From the statistics theory, we know that 95% of the data from one randomized sample with normal distribution have the mean between µ_{i}-1,96 δ^{2}_{ε} and µ_{i}+1,96 δ^{2}_{ε} . Thus,

where N = is the number of data re-measured,

δ_{ε} = standard deviation estimator of the EM.

Z_{1i} = first measure,

Z_{2i}= second measure.

This indicates that the ratio between EM and the observed measures is smaller than P in approximately 95% of the sample. Note that P is a proportion of the error related to the measured value, i.e., a percentage. This property makes it easier to interpret the results, since the reliability can be expressed in terms of a proportion (i.e., 10%, 25%, etc). Note the original Dahlberg formula does not use this feature as it does not consider the total value of the original measures, but just the difference between them. The same absolute value of error in a sample with small measures has greater influence than in one with big measures.

**RESULTS**

The first set of data and their results are shown in Table 1 and 2 and Figure 2.

In approximately 95% of the cases the EM is in average less than 0.69% of the value from the observed measures. Note that under a significance level of 5% (Type I error) there is no mean (p-value=0.820) or slope (p-value=0.775) bias.

For the second set of data, the observed measures are shown in Table 3 and 4 and the results in Table 5 and Figure 3.

In this case, the error ratio (P) ranged from 9.38% to 125.88%. The biggest error ratio was found in tooth #11 and the smaller in tooth #22. Analyzing the systematic error test under a significance level of 5% (β_{0}=0 and β_{1}=1), it can be concluded that there were mean (p-value=0.029) and slope (p-value=0.043) bias for tooth #23.

**DISCUSSION**

The formula proposed by Dahlberg^{6} in 1940 assumes no systematic error in mean (β_{0}) or in slope (β_{1}). Nevertheless, the results obtained through regression analysis do not require these assumptions. Moreover, it also allows an intuitive analysis of the error using a scatter plot chart and a fitted line as shown in Figure 2. This scatter plot chart can be easily built with a Microsoft Excel^{®} chart builder, which permits a visual analysis of the measures before sending the data to a more elaborated statistical analysis. In this chart, we can see that the straight line fitted almost perfectly to data set 1, which means that the errors are very small. The results confirm that the EM is extremely small in comparison to the observation sizes (P=0.69%). Moreover, using regression analysis we observed that β_{0} is statistically equal to zero (p-value=0.820) and β_{1} is equal to 1 (p-value=0.775). Therefore, we can conclude that there is no evidence of mean or slope biases and, when this happens, the EM estimated by the Dahlberg formula or regression analysis are very close, as shown in Table 2.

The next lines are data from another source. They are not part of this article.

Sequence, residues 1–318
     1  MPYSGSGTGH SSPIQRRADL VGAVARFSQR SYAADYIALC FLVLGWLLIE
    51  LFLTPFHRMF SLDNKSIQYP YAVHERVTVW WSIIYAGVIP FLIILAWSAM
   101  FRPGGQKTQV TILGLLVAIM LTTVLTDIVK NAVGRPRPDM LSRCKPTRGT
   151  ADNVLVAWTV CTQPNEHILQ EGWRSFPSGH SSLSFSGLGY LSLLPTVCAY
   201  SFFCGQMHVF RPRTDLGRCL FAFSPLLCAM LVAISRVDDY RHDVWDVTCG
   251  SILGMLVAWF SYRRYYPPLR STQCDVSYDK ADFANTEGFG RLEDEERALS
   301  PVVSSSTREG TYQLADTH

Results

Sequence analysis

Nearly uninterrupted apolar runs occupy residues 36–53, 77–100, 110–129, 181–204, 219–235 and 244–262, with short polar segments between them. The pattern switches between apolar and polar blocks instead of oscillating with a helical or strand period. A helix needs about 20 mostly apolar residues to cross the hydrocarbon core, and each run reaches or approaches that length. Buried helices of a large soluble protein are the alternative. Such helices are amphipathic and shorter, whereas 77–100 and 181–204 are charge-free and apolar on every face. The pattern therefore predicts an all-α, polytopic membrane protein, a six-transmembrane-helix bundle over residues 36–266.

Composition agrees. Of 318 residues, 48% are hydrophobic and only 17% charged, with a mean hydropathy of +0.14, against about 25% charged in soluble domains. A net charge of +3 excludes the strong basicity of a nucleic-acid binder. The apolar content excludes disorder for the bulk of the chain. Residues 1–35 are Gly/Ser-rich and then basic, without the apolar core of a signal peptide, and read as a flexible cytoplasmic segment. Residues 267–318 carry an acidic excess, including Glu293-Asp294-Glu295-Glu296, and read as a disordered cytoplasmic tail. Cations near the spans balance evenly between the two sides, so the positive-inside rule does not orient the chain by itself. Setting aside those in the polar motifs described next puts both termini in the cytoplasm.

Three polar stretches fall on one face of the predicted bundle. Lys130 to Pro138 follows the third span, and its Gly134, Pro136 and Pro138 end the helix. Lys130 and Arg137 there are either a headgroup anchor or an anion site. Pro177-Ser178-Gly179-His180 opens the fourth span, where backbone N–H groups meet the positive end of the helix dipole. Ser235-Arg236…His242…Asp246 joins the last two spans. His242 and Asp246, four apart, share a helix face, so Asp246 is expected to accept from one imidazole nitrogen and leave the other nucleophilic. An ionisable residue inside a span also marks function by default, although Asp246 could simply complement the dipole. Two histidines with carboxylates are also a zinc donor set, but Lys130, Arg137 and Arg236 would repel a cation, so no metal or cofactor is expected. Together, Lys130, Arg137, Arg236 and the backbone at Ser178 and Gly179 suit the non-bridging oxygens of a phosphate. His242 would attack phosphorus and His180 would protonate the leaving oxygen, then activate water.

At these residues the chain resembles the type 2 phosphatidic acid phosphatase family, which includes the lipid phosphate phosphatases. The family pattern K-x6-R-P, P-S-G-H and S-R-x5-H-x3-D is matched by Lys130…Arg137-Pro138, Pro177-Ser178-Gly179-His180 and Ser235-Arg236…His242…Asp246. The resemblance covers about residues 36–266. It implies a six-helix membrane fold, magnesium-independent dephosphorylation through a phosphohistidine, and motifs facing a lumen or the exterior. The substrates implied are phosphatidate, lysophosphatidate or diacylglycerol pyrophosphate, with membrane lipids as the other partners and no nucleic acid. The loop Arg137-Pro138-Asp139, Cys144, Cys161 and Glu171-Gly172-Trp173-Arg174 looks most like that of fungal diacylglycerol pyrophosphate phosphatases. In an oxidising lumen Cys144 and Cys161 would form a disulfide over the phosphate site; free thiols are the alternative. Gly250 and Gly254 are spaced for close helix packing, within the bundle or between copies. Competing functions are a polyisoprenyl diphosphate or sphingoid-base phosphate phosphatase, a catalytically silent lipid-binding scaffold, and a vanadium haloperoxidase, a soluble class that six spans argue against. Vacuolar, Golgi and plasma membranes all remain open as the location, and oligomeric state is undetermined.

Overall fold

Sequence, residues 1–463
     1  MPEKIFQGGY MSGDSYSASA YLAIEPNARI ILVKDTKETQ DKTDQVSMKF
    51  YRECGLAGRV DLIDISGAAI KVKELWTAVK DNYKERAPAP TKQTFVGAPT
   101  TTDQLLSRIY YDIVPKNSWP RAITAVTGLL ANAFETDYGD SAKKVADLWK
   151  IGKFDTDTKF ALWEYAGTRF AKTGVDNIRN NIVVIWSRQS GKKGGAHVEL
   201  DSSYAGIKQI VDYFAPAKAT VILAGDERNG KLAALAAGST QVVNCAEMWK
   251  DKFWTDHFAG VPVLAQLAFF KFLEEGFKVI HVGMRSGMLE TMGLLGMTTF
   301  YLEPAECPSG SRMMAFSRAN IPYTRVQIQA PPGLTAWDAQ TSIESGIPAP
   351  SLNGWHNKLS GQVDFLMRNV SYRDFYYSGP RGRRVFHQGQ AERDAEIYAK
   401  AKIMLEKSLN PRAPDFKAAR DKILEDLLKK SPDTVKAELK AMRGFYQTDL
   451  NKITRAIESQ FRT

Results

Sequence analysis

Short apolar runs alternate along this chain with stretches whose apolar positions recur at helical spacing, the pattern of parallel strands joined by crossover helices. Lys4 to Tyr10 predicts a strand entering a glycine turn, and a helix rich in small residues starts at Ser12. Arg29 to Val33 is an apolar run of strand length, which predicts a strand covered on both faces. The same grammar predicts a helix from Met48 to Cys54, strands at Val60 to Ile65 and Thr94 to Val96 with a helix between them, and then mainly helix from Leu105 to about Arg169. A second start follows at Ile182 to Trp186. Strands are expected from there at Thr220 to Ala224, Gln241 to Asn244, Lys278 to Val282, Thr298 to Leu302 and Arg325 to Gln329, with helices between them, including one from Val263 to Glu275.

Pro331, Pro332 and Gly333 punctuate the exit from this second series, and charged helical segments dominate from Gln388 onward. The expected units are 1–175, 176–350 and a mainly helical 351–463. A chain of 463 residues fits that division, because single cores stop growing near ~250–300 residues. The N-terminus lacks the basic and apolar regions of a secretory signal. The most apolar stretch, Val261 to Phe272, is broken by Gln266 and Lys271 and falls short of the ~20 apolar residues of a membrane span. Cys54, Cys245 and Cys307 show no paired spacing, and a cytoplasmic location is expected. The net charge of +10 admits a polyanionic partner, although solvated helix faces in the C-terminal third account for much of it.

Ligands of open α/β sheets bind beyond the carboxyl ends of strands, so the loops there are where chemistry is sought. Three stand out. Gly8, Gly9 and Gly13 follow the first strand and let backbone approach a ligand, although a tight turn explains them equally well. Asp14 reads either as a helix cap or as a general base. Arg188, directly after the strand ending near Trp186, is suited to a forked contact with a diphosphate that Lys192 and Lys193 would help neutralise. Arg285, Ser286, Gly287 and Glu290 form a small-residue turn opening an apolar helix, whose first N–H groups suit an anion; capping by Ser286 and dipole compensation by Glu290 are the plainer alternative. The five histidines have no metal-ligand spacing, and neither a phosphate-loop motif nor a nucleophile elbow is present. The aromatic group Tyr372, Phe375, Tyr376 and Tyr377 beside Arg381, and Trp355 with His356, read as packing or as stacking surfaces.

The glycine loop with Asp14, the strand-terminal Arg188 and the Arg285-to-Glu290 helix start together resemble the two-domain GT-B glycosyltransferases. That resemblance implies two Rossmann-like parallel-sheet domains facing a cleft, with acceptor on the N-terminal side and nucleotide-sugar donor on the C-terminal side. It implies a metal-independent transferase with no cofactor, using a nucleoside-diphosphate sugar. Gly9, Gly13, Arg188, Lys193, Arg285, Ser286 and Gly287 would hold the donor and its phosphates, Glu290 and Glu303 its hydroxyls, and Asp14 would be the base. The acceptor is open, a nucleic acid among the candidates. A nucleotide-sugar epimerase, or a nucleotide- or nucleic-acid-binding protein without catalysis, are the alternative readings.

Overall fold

In sample 2, we analyzed the teeth with small measurement error (Fig 4) and those with the biggest error (Fig 5). We can visualize, by comparing the points in Figure 5, that the points did not fit the line as in Figure 4. The results of Trpkova et al^{10} demonstrated that there is a systematic error and a random error involving the tracing of the landmarks. There is a standard mean error and a confidence interval of 95% in repetition and reproduction of 15 landmarks regularly used in facial growth analysis. An average error of 0.59 mm on X axis and 0.56 mm on Y was considered acceptable accuracy, even though this criteria did not take into consideration the total scale of the measure. Other researchers proposed to evaluate the variance of error. Midtgard, Bjork, Linder-Aronson^{9} and Battagel^{3} stated that variance should be ideally less than 3% of the total variance.

But, in a later paper, Midtgard, Bjork, Linder-Aronson^{9} reported that it was almost impossible to have a variance of error of less than 10% of the total variance. The use of analysis of variance is quite complicated for researches who are not familiar to the intricacies of statistics. Maybe this is why the Dahlberg formula is so broadly used, mainly in studies using cephalometric measures. The Dahlberg formula lacks bias analysis, which makes it hard for researchers to be secure if the error is acceptable or not. When we evaluated the values on Table 5, we can clearly notice that the analysis of the absolute value given by Dahlberg formula did not give us the parameters to evaluate the amount of error made. In tooth #21, the value provided by the formula was 0.856 and it corresponded to an error percentage of 29% (Fig 3). Meanwhile, in tooth #23, we had a very similar value of 0.880, which corresponded to a percentage error of 81% (Fig 3). Thus, it is necessary to analyze the Dahlberg formula using parameters that permits one evaluation of the amount of error made. By calculating the percentage of the error in relation to the magnitude of the original measure, we were establishing a probabilistic limit to the error with 95% of confidence. In the second set of data, using regression analysis, we could evaluate the existence of mean and slope biases. From the analysis of Table 5, we can notice there were no bias neither in the measure with the lowest error nor in the one with the highest error. In this case, we can also verify that Dahlberg formula was very similar to the result of regression analysis in the lowest error case (tooth #22), with a difference of 0.008 between this values. It is interesting to mention that there was a tendency of slope bias in tooth #11 (p-value=0.065) and there were mean and slope biases in tooth #23 (Fig 6). These two teeth were the ones who had the biggest difference between the EM given by the Dahlberg formula and the regression method, showing that systematic error significantly influenced the Dahlberg formula. In these cases the Dahlberg formula differed from the regression analysis, mainly due to not making a difference between random and systematic error.